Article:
“The WWU Art and Education Departments equipped me with the knowledge needed and the steadfast ‘with-it-ness’ to pursue my career as an educator,” she said. “I have spent half my career as an Art teacher and half my time as an elementary school teacher, and I credit the late Sharon Means for going above and beyond, assisting me with readiness throughout my education courses at WWU. I also credit my professor and influential artist, Terry Martin, for the time he spent believing in his students. I was lucky to have him as my supervising teacher for my student-teaching experience.”
Overall, having the smaller class sizes at The Woods where everyone knew you on a first-name basis was a huge plus. As was another “unofficial” minor Amanda picked up at WWU in Theatre, which was a hobby but ended up being an asset in her teaching.
“In today’s teaching world, you must captivate your audience with interactive learning that entertains,” she said. “My theatre training was interwoven within my career path as every day educating children is much like performing in a theatrical production!”
Doing It By The Book
After graduating from William Woods, Herriman-Reichel settled into her busy life of teaching, creating art, and being a mom and wife. But the dream of becoming an author was never far away.
“I have applied the practice of having a word of the year to my life since 2017, a concept that allows my mind to hyperfocus on one central theme for an entire year,” she said. “Eventually, I paired goal setting with my word of the year, and it set my journey along a unique path to which I am forever grateful.”
Amanda began 2021 with her word for the year being “Prayer.” She coupled the word with three goals for the year, one for her mind, one for her body, and one for her spirit. For the mind, her goal was to read one book per week and complete 52 books by the end of the year. For her body, her goal was to set a nutrition plan in place for weight loss and train and compete in a half marathon. For spirit, her goal was to read the Bible from beginning to end.
Using her theme of Prayer, Amanda was able to surpass her limitations and meet her goals, and near the end of 2021 became inspired to use the experience to write her book. Spending every spare available moment working on the project between October and December, including several late nights and all of her Thanksgiving break from school, she was able to self-publish “My Word Of The Year” by the end of the year.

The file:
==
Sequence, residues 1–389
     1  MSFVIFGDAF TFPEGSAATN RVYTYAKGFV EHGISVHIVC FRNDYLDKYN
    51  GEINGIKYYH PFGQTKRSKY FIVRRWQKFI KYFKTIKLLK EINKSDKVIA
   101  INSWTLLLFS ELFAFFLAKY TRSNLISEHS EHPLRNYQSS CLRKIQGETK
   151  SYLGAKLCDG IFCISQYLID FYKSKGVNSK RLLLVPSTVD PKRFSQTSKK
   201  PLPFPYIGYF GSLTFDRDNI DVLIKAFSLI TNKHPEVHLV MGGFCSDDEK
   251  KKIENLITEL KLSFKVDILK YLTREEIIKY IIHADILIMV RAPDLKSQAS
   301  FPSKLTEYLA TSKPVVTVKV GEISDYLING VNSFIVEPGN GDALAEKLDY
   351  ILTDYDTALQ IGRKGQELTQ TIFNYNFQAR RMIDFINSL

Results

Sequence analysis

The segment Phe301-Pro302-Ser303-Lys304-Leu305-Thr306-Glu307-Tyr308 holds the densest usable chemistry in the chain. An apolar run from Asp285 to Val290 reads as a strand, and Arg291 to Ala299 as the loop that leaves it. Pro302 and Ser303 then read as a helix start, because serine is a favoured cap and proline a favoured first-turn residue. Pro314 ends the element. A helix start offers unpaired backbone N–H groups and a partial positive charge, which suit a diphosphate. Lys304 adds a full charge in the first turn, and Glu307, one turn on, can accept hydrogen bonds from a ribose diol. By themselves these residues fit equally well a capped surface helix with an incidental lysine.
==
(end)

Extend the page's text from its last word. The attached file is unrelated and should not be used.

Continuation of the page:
“My biggest challenge with writing this book was finding the necessary time to actively engage with my creative writing process without completely limiting distractions,” she said. “It was essential for me to work on my book without stealing time away from my ultimate priorities of being a wife, mother and teacher. I did not take one day off from my teaching duties while writing this book, and would often tuck my children into bed at night and stay up until the wee hours writing.”
“I ultimately had to give up some family time to meet my deadline, but in my heart, I know that when my children read my book, they will understand why I chose to pursue this goal during the time that I did, and hopefully, my message will leave them inspired.”
During her very full and active life, Amanda Herriman-Reichel has been inspired by many – her own mother, mentors on the William Woods University faculty, the lifelong friends she gained at WWU, among others. But now, it is Amanda who is doing the inspiring, impacting her children, her students, Art lovers and those who read her book.
For someone who has always taken great joy in being involved with others, there is no greater proof of a life well-lived.